Intake of polyunsaturated fatty acids and distal large bowel cancer risk in whites and African Americans

Sangmi Kim, Dale P. Sandler, Joseph Galanko, Christopher Martin, Robert S. Sandler

Research output: Contribution to journalArticle

45 Scopus citations

Abstract

Long-chain ω-3 polyunsaturated fatty acids (PUFAs) may have antineoplastic properties in the colon. The authors examined the association between intakes of different PUFAs and distal large bowel cancer in a population-based case-control study of 1,503 whites (716 cases; 787 controls) and 369 African Americans (213 cases; 156 controls) in North Carolina (2001-2006). Unconditional logistic regression was used to estimate odds ratios and 95% confidence intervals for distal large bowel cancer risk in relation to quartiles of PUFA intake. Increased consumption of long-chain ω-3 PUFAs was associated with reduced risk of distal large bowel cancer in whites (multivariable odds ratios = 0.88 (95% confidence interval (CI): 0.63, 1.22), 0.69 (95% CI: 0.49, 0.98), and 0.49 (95% CI: 0.34, 0.71) for second, third, and highest vs. lowest quartile) (Ptrend < 0.01). Intake of individual eicosapentaenoic acids and docosahexaenoic acids was inversely related to distal large bowel cancer risk, whereas the ratio of ω-6 to long-chain ω-3 PUFAs was associated with increased risk of distal large bowel cancer in whites, but not among African Americans (Pinteraction < 0.05). Study results support the hypothesis that long-chain ω-3 PUFAs have beneficial effects in colorectal carcinogenesis. Whether or not the possible benefit of long-chain ω-3 PUFAs varies by race warrants further evaluation.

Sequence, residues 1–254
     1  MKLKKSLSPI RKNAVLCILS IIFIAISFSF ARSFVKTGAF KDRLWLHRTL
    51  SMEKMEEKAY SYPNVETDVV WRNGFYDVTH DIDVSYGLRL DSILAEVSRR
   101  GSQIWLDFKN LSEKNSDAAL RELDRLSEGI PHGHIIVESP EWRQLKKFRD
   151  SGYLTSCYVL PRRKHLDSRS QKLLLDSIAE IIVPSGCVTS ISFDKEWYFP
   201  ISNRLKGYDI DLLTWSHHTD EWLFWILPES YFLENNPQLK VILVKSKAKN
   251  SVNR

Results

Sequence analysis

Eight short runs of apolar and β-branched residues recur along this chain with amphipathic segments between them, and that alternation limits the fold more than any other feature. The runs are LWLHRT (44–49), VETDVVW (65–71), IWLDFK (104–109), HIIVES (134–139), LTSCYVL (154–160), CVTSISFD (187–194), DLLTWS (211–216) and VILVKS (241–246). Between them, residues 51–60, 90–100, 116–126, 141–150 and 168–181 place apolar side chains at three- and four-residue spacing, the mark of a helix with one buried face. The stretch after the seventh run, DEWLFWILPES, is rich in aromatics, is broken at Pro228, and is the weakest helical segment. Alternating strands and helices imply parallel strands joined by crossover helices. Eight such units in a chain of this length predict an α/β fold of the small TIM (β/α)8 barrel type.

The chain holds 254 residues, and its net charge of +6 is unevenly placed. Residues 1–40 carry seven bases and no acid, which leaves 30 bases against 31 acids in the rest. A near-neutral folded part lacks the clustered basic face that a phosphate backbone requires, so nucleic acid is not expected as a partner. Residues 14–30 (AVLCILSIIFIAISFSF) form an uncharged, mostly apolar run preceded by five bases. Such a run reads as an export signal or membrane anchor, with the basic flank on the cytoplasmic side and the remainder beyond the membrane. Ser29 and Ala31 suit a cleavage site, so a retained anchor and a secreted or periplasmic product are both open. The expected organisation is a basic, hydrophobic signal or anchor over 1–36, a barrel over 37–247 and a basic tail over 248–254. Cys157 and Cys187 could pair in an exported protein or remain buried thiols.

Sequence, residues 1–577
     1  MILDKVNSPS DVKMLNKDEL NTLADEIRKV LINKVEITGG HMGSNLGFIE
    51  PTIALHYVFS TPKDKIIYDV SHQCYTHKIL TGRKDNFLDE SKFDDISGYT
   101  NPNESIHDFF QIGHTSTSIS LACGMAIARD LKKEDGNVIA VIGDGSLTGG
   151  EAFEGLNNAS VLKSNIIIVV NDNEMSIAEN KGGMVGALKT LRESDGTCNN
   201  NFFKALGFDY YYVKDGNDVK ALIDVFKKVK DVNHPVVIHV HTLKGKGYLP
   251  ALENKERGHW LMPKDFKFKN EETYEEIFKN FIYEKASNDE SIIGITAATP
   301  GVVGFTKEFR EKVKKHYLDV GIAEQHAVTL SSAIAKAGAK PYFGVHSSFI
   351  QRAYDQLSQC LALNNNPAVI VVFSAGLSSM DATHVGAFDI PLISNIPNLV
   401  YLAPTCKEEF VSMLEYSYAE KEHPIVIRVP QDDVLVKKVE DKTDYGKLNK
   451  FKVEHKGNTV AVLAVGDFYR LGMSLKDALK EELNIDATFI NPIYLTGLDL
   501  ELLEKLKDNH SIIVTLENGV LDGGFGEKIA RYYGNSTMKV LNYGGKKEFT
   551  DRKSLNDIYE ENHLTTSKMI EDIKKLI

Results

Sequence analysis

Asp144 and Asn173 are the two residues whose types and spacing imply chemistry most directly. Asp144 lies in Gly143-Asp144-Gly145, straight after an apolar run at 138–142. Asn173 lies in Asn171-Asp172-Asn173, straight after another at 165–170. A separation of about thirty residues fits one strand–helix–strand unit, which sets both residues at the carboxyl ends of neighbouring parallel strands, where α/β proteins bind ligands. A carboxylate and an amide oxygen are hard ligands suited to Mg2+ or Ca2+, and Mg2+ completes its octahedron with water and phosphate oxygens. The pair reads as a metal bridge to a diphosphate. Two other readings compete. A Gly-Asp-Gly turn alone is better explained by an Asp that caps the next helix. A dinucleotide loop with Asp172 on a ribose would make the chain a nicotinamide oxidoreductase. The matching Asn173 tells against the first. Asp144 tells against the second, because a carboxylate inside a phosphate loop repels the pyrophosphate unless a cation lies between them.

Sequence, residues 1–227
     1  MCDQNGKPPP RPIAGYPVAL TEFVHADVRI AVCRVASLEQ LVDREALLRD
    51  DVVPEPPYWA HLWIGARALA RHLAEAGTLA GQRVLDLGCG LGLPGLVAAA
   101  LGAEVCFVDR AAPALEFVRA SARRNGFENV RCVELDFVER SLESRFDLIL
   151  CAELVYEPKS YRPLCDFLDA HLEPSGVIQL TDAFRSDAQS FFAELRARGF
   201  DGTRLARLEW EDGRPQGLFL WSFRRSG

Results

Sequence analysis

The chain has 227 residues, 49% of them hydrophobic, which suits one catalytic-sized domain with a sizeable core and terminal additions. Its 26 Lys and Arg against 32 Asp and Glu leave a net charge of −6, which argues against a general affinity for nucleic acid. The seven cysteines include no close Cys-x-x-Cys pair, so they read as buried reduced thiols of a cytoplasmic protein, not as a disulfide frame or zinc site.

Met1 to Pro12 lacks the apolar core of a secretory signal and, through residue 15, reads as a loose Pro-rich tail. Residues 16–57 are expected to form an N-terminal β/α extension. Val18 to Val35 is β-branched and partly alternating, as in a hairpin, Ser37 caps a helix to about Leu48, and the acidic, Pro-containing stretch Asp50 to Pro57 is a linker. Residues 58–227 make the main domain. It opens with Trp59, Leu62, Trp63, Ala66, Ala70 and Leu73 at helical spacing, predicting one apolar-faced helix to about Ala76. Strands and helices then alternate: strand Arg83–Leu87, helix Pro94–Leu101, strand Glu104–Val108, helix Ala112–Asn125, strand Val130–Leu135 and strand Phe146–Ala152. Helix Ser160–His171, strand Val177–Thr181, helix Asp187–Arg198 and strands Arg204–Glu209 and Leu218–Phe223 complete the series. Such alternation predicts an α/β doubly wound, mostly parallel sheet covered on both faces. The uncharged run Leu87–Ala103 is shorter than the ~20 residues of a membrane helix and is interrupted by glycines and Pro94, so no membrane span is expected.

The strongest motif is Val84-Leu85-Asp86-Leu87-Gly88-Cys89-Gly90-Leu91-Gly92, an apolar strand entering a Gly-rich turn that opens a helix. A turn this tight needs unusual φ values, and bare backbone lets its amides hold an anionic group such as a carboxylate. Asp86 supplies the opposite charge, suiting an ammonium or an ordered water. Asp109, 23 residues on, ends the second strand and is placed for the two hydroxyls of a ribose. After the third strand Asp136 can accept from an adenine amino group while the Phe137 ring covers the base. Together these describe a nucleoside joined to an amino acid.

Original languageEnglish (US)
Pages (from-to)969-979
Number of pages11
JournalAmerican journal of epidemiology
Volume171
Issue number9
DOIs
StatePublished - May 2010

Keywords

  • colorectal neoplasms
  • fatty acids omega-3
  • fatty acids unsaturated
  • intestine large

ASJC Scopus subject areas

  • Epidemiology

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